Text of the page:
Groups prepare for deportation roundups
Possible federal immigration raids could target people in 10 major cities this weekend
People living in the country illegally are bracing for possible federal immigration roundups this weekend that could target people in 10 major U.S. cities, including Denver, and activist groups said they are better prepared after President Donald Trump threatened to order the raids last month.
The news led Denver Mayor Michael Hancock and other Democratic elected officials to issue statements in support of the state’s immigrants. Denver Public Schools sent notices to students and parents saying its schools were safe places.
The threat of raids makes everyone in Denver less safe, Hancock said. When immigrants fear that they or their loved ones could be deported if they testify in court or go to the police, they pull back from the community.
“That is not OK for any of us,” Hancock said.
Trump on June 18 first said ICE would
target people with final deportation orders, including families whose immigration cases were fast-tracked by judges.
Information leaked that the raids would occur in the early morning June 23, but Trump then announced the operation would be delayed as a compromise with Democrats, who have opposed the roundups.
The New York Times reported Wednesday night that the roundups would begin Sunday in major American cities including Denver, Miami, Atlanta, Baltimore and Los Angeles. Immigration and Customs Enforcement agents will focus on people who have final deportation orders, The Associated Press reported.
Denver’s elected officials frequently have been at odds with the Trump administration over the president’s views toward immigrants.
Hancock vowed that regardless of the federal government’s actions, Denver will support people living in the country illegally. The city has a full-time immigrant and refugee office and has been working with community organizations on a campaign to make sure people know their rights, the mayor said.
The city also contributes money to the Denver Immigrant Legal Defense Fund, which provides legal representation to those threatened with deportation proceedings.
The raid is politically motivated, Hancock said.
“Every time there’s an issue for him, most recently the Mueller investigation, Trump does something to distract from it,” the mayor said. “Trump is using immigrants as political pawns.”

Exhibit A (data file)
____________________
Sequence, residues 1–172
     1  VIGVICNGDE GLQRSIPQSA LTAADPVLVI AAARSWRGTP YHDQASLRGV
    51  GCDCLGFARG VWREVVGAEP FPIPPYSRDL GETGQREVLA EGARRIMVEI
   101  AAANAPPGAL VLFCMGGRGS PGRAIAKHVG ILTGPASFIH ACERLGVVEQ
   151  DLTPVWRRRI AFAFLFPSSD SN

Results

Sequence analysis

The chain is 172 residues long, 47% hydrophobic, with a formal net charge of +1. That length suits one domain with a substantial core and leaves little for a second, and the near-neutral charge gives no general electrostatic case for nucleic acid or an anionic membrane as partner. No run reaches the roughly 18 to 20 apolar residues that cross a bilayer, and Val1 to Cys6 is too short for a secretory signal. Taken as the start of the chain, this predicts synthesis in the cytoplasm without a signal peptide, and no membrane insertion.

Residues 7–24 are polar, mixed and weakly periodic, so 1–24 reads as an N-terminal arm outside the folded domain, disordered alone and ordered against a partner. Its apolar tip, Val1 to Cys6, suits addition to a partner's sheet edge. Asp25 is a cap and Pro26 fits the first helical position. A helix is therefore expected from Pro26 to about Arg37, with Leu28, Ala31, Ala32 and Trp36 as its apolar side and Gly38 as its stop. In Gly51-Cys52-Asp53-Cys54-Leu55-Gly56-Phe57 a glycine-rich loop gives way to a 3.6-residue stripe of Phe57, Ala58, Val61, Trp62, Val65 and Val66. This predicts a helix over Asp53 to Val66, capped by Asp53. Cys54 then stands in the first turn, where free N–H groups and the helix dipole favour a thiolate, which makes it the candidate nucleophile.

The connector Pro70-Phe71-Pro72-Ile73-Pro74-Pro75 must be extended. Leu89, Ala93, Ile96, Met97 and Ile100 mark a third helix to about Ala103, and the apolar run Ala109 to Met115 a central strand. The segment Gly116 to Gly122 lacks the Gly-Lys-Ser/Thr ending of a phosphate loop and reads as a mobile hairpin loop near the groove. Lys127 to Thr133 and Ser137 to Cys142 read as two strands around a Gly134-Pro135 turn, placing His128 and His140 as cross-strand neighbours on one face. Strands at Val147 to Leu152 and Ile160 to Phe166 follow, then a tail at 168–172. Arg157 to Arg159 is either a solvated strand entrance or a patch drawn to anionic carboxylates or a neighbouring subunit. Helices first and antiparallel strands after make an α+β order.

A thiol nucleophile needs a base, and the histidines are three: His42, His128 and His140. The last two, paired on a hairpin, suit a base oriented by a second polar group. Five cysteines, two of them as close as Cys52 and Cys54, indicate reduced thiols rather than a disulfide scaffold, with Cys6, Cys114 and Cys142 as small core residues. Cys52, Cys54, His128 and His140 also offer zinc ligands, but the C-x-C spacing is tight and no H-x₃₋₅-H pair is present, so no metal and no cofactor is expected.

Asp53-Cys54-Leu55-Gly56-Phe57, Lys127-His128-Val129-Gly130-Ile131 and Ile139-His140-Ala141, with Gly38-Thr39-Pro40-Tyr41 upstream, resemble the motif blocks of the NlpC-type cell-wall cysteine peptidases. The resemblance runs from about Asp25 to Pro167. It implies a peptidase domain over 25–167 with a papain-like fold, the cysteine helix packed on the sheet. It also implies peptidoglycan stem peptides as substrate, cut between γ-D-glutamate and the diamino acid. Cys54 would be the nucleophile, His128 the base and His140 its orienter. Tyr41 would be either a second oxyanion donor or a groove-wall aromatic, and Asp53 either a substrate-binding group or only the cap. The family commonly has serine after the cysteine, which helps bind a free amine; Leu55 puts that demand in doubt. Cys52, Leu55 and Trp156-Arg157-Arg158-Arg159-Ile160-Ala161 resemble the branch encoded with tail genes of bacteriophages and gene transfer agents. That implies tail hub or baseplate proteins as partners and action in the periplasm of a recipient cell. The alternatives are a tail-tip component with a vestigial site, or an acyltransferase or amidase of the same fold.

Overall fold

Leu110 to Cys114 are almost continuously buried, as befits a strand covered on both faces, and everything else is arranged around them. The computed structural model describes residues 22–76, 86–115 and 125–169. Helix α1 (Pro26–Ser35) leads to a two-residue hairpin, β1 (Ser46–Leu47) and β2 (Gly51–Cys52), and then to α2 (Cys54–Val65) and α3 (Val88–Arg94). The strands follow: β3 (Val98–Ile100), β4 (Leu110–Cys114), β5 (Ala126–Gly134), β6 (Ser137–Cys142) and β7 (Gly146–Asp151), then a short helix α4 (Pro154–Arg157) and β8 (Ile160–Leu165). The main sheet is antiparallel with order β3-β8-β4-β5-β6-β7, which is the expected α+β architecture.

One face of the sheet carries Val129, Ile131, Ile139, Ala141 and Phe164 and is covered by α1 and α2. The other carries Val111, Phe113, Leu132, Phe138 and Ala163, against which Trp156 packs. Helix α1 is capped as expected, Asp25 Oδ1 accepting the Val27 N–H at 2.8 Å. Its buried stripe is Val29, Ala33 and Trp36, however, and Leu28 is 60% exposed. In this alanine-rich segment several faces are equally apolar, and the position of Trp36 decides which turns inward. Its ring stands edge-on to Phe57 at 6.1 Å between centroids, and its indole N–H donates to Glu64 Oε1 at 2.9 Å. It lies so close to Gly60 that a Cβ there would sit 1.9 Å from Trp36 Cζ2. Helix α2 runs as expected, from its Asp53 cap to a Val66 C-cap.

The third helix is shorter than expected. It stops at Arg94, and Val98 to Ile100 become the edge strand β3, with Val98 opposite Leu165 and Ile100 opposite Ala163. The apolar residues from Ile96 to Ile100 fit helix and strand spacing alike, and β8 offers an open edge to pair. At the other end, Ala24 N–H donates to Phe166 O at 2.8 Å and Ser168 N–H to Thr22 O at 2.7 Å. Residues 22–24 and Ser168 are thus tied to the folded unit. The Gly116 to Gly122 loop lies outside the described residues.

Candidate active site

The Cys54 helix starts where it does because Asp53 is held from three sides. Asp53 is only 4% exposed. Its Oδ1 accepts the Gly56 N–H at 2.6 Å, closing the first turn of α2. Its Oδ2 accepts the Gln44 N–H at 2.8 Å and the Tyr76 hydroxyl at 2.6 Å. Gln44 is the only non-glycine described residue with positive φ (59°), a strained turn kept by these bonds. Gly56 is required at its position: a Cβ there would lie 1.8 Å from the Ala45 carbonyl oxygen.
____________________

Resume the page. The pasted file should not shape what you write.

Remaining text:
Each time the president threatens to round up people living in the country illegally, many law enforcement agencies issue statements saying they will not participate in federal enforcement actions. On Thursday, Hancock again made the point that the Denver Police Department does not engage with ICE and will not be assisting with Sunday’s raids.
Still, immigrant families are on edge.
Community organizer Gina Millan of the Colorado Organization for Latina Opportunity and Reproductive Rights said some people are too afraid to take their children to school or to the doctor because they are worried they will be reported to ICE.
“A couple of days ago, there was a rumor that ICE was near a construction site and the workers fled the scene,” Millan said.
Alethea Smock, an ICE spokeswoman in Denver, would not confirm whether deportation roundups were scheduled to take place in the metro area, saying ICE does not comment on upcoming operations.
Activist groups have used the time since the first announcement to prepare for the roundups and make sure immigrant communities are educated about their rights.
“It’s been a really good stress test of our system,” said Ana Temu, the ACLU of Colorado’s immigration campaigns coordinator.
Since the raids were announced June 18, the ACLU of Colorado has given out 300 information packets and trained 200 people on what their rights are when interacting with ICE officials, Temu said. The goal is to help people protect themselves and their families in the event of a raid.